THE year just past may be remembered as anticlimactic from a millennial perspective, but it was an epochal year in the history of names. I am not referring to the decision last summer by Binney & Smith to replace the name indian red with the name chestnut on its reddish-brown Crayola crayon, although that decision was certainly noteworthy. The company acted after receiving complaints from people who believed that the word "indian" was a reference to Native American skin color. (It is actually a reference to a pigment found in India.) This was not the first time Crayola crayons had encountered name problems. In 1962 Binney & Smith gave the name peach to the crayon formerly known as flesh. A few years earlier it had given the name midnight blue to the crayon formerly known as prussian blue, on the grounds that no one knew any longer what Prussia was. I won't be surprised if some of the crayons still found in Crayola's 120-color pack run into opposition. Two bear the names of endangered species (manatee, timberwolf). Another (atomic tangerine) seems to scoff at public concern over food irradiation.
The truly big news in 1999 involving names was the breakup of the monopoly on the assignment of domain names on the Internet. As is widely known, a company called Network Solutions enjoyed the lucrative right to approve and register all Internet addresses ending with the suffixes ".com," ".net," and ".org." Network Solutions received a $35 annual fee from each registrant. A new oversight board has now extended the right of registration to many more companies. In 1992 only about 7,000 registered domain names existed. Now there are more than six million, and the number is growing by 70,000 a week.
No one is quite sure of the implications. Entrepreneurs known as cybersquatters have eagerly bought up domain names that they hope eventually to sell for large sums -- generic names like drugs.com and porno.com, but also names of companies and people. In the first half of 1999, according to a tally made by Enterprise IG, a company that specializes in "identity consulting," more American corporations changed their names than in any other six-month period, prompted in part by an urge to acquire some Internet cachet. One thing is certain: we are in the midst of the largest outbreak of new names in history.
The early chapters of the Book of Genesis amount to a catalogue of arrangements that didn't quite work out (sinlessness, immortality, painless childbirth, the zero-hour work week). But one reality that survives unaltered from the moment of creation through the expulsion from Eden and on up to the present day is the authority vested in human beings to endow everything on the planet with a name: "branding," it would now be called. Another reality that remains unaltered is the existence of two sexes. Perhaps in his great anger the Lord left these things alone, on the assumption that they would cause trouble enough exactly the way they were.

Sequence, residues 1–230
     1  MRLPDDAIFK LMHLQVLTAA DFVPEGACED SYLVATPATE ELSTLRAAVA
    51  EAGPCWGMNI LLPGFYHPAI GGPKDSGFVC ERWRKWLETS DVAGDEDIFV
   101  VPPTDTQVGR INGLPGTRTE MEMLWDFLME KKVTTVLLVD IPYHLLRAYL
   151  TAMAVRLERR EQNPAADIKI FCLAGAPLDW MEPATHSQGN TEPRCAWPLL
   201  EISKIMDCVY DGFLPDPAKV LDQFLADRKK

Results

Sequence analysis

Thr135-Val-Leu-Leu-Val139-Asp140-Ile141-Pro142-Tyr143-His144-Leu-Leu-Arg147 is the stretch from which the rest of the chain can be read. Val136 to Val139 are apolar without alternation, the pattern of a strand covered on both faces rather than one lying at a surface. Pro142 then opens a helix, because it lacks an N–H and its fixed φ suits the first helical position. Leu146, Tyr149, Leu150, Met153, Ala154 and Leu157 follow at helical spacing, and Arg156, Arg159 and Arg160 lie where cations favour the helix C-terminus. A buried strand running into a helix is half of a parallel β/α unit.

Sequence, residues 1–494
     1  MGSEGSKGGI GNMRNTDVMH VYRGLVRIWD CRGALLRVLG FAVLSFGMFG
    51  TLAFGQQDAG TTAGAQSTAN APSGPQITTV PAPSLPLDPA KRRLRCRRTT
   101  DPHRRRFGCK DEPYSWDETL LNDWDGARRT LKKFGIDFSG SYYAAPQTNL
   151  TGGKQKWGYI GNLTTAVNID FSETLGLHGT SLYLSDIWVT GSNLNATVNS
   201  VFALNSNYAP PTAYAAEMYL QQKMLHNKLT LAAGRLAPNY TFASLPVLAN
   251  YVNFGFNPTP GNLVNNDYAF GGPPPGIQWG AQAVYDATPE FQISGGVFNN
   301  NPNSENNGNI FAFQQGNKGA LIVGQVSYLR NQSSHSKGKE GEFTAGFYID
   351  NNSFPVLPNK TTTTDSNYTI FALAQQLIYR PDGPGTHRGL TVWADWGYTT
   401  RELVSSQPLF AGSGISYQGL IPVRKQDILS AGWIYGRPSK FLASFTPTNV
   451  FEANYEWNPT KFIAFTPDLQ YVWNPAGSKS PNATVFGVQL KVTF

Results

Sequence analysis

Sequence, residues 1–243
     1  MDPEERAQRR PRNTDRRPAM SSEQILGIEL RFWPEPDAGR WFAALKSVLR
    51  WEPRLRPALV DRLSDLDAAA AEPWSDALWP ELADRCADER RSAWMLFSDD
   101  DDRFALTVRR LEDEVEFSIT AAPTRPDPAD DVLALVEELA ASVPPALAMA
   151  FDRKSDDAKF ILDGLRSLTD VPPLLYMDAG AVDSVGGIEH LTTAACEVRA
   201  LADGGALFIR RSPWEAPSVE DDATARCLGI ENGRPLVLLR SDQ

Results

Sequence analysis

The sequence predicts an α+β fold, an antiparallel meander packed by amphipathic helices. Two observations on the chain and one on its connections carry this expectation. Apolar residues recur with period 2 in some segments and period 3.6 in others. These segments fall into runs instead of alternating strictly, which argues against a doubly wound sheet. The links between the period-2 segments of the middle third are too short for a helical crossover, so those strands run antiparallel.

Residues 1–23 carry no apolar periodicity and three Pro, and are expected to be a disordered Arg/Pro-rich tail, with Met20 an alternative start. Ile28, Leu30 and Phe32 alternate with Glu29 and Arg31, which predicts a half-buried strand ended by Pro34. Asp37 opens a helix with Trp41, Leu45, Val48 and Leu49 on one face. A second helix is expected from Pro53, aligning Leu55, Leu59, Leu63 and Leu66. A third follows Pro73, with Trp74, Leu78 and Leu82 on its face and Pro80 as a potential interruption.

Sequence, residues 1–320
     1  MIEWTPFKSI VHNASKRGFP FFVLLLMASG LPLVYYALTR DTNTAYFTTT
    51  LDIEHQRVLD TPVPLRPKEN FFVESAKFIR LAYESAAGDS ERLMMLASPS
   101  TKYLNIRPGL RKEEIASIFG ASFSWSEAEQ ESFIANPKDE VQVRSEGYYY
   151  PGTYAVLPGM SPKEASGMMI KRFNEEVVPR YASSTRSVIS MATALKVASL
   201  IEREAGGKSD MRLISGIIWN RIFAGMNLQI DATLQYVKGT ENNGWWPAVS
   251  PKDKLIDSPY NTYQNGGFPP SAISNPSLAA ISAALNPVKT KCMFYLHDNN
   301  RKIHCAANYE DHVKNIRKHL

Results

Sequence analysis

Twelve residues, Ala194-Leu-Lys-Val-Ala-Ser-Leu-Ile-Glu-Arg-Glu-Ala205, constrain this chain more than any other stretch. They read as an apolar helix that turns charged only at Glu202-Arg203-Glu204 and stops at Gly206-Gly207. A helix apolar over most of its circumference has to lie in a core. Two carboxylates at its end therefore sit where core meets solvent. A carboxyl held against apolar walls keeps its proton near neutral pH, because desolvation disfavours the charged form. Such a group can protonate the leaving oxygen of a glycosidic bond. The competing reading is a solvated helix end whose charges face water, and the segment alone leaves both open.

Laden with emotion and symbolism, names get ensnared in everything. Directors at Canada's Central Experimental Farm recently caused an outcry when they banned the use of human names for cows. (They feared that a child named Elsie, say, would be embarrassed to meet a cow with the same name.) One way to monitor the amount of turmoil on the planet over time is simply to chart the number of name changes in the indexes of successive editions of The Times Atlas of the World. Ideology, nationalism, and geopolitics dictate continual revision. The first edition of the atlas published after the end of the Cold War contained new names for 10,000 locales. The world, of course, does not go along with every suggestion. Few people acceded to Kampuchea as a new name for Cambodia, and I have yet to notice much support for Mumbai, even though it happens to be the official name of Bombay. But most people eventually agreed to replace Rhodesia with Zimbabwe and Burma with Myanmar. The change from Peking to Beijing meant accepting a whole new system of transliteration, and therefore a new name for every place in China, which we all somehow managed to swallow.
Today there are more names than ever before, and yet there can never be enough. Things keep coming to light that never had any name at all. Experiments with nuclear accelerators during the past two decades have produced several previously unknown elements. Deciding which names to give the elements numbered 104 through 109 on the periodic table has generated fierce disputes. The discoverers of No. 106, at California's Lawrence Berkeley Laboratory, wanted to name it seaborgium, after the Nobel laureate Glenn T. Seaborg, the laboratory's onetime director -- only to be overruled by an international tribunal, which favored a New Zealander. The issue of elemental nomenclature was settled (and seaborgium accepted) in 1997, after years of bargaining.
There is a huge backlog when it comes to the names of species. The Book of Genesis indicates that Adam, the first identity consultant, gave names to "all cattle, and to the birds of the air, and to every beast of the field," but it says nothing about, for instance, beetles. A Smithsonian researcher estimates that some 30 million faunal species, mostly insects, haven't even been discovered yet. Many of the ones we know about still haven't been named. More than a thousand species of beetles in the single genus Agra are waiting for designations. And let's not even get into stars and galaxies.